A Visit with Kara Barnard
by Bill Weaver
photo by George Bredewater
“My goal for 2004,” says Kara Barnard, “is less touring, more hiking.”
Barnard’s love of music has led her to master a wide range of instruments—from guitar to musical saw. But it is her enthusiasm as a performer and as a teacher that most people take away from an encounter with this woman.
“I love that audience reaction when I’m performing,” she says. “Teaching is an extension of what I do when I’m performing. I like questions and answers. When I get to do one-on-one with people every week it’s the epitome of that relationship.”
A longtime Nashville resident, Kara lives on a hill overlooking the town where she bought an old, neglected log cabin that she rebuilt with the help of “my stepdad and a handful of friends.
“There was a big hole right here,” she says while pointing to the kitchen ceiling. “When it rained it was like a waterfall. I chainsawed this out all the way down to the crawlspace. Anything that I could possibly save that wasn’t rotted or moldy I saved. It was an amazing find. I was extremely lucky. Musicians don’t have the biggest incomes and finding an affordable place like this in Brown Country, so I can stay here, was a gift.”
Born in Linton and raised in Bloomfield Barnard lived in Bloomington for a short time before finding Brown County more to her liking. “I had a store in Nashville where I did my caricatures and artwork. I then moved up to Greenwood and for that year I stopped writing, stopped creating anything at all. Just the wrong environment,” she laughs. “There’s a different rhythm up there. I knew that I wanted to be in Brown County.”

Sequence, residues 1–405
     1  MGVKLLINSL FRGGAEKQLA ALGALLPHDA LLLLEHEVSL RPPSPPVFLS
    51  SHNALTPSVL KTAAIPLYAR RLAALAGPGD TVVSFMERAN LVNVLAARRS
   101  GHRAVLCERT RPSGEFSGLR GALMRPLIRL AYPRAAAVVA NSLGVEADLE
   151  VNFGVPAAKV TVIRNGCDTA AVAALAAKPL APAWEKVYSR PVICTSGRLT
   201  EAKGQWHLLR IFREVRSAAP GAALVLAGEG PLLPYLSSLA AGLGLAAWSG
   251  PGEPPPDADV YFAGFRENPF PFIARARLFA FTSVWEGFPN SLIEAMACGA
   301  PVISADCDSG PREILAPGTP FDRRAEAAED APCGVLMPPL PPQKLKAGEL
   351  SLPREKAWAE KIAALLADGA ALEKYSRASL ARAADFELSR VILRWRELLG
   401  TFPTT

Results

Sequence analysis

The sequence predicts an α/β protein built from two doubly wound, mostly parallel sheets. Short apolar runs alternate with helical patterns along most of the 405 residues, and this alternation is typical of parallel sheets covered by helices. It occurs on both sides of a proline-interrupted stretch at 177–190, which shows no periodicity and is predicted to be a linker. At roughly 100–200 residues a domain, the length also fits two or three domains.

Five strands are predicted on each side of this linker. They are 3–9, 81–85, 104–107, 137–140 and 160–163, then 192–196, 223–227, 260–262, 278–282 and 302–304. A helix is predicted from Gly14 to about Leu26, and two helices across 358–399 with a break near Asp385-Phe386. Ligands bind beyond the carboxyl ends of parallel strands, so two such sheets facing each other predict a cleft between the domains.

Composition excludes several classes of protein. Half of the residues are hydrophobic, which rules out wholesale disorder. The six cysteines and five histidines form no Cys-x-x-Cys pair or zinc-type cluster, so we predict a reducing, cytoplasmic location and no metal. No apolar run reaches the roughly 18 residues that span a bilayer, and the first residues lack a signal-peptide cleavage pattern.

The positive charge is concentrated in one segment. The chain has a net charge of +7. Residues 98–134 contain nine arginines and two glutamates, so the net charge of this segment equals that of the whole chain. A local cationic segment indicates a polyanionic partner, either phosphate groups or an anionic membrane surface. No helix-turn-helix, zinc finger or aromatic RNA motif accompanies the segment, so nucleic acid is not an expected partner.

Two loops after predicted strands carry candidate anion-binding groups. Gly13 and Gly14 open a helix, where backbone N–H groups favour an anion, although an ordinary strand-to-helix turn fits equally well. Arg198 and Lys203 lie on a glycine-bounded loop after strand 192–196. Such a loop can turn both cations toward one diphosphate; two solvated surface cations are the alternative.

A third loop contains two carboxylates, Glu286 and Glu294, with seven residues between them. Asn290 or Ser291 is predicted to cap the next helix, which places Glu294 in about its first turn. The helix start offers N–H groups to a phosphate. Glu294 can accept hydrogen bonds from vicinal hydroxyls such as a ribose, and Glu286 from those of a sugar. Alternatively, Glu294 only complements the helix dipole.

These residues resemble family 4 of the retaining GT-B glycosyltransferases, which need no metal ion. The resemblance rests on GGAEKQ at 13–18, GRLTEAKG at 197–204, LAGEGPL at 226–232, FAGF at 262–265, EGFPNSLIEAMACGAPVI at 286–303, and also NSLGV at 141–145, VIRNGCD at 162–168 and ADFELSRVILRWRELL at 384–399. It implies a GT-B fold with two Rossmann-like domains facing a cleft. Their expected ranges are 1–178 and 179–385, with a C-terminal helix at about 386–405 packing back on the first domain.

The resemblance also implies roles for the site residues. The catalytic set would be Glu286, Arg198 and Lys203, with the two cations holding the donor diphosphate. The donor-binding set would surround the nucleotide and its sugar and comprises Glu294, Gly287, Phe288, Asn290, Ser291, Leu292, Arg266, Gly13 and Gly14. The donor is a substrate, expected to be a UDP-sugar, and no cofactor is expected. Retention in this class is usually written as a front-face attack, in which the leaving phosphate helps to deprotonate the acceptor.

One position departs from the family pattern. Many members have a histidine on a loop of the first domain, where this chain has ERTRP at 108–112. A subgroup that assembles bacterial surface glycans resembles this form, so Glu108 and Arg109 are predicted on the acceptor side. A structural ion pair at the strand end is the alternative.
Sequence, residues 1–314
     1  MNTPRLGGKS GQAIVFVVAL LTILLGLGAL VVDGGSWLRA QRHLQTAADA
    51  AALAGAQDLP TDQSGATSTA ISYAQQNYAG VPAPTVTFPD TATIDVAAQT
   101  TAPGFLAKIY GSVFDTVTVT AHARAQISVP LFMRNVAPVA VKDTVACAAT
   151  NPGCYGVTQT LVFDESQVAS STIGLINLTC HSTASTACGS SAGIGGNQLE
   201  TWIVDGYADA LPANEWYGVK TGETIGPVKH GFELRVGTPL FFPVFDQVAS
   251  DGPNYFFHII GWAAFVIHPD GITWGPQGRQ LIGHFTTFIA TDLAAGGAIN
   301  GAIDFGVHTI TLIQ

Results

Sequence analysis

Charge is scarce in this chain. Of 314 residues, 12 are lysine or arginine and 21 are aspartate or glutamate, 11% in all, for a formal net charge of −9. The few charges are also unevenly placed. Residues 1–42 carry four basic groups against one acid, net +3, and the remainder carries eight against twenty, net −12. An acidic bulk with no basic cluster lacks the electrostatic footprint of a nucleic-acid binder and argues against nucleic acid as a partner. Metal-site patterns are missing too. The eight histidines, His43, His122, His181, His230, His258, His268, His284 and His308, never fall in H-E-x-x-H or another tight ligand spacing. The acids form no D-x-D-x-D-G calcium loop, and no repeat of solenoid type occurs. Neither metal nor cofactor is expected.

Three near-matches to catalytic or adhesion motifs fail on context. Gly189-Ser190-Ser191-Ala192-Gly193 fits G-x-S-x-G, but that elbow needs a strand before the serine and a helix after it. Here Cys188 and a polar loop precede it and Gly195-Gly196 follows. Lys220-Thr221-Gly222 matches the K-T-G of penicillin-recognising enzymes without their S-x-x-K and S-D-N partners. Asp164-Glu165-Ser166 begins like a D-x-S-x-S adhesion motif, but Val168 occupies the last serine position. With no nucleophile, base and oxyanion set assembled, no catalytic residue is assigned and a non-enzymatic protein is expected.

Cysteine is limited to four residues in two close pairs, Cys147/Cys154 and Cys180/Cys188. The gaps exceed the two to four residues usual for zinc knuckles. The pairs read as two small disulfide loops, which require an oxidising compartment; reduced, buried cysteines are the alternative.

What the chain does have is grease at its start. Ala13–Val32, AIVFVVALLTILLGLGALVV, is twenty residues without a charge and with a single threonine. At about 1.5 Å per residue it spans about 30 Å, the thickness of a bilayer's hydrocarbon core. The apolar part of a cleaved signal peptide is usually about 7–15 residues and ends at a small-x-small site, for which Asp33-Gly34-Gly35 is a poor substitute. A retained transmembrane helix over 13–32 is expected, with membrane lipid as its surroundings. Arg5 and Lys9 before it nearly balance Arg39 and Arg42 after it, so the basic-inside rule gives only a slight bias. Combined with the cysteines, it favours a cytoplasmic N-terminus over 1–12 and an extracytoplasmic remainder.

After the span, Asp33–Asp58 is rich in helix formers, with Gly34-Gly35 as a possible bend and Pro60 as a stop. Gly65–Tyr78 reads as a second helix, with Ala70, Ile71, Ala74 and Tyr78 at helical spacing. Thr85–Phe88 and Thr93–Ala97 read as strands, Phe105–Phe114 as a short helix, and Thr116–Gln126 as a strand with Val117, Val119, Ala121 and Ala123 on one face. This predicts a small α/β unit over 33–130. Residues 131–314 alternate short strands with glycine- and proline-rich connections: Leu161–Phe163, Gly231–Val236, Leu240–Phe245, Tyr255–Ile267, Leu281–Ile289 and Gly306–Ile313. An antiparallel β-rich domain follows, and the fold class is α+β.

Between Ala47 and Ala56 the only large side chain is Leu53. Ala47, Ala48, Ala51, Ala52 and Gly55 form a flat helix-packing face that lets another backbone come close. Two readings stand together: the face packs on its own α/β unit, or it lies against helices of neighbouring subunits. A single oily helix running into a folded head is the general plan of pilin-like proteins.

Between traveling to performances throughout the eastern part of the country, producing and recording CDs, and teaching forty students, Kara still finds time each week to appear at her favorite venue. “I play the Abe Martin Lodge pretty much every Saturday and have for years. To miss a date I have to be so far out of state that I can’t physically get back. Last summer I would do a show in Kansas City on a Friday night and immediately start driving to get back here to play the Abe Martin Lodge on Saturday.
“People that I play backup for, if they had their way, I would be on the road with them all the time. It’s hard for anyone to comprehend that I can stay right here in Brown County, five minutes away from my home, and play every Saturday night to a brand new audience that comes from all over the country. I love the Lodge. It has spoiled me rotten. It’s just like this cabin, it’s an incredible blessing.”
Known for her versatility, Kara skillfully plays guitar, banjo, mandolin, mountain dulcimer, autoharp, octave mandolin, and musical saw. She plays traditional, old-time, bluegrass, and original music. Her most recent collaboration is with the band Wishing Chair (Kiya Heartwood and Miriam Davidson).
“I was playing a festival at the same time they were and people were telling me, ‘You’ve got to meet these two women from Kentucky because you remind us so much of each other.’ I invited them on my set and we had such a huge audience response that people started booking us. We were kind of forced together. It was awkward, but it’s been a lot of fun.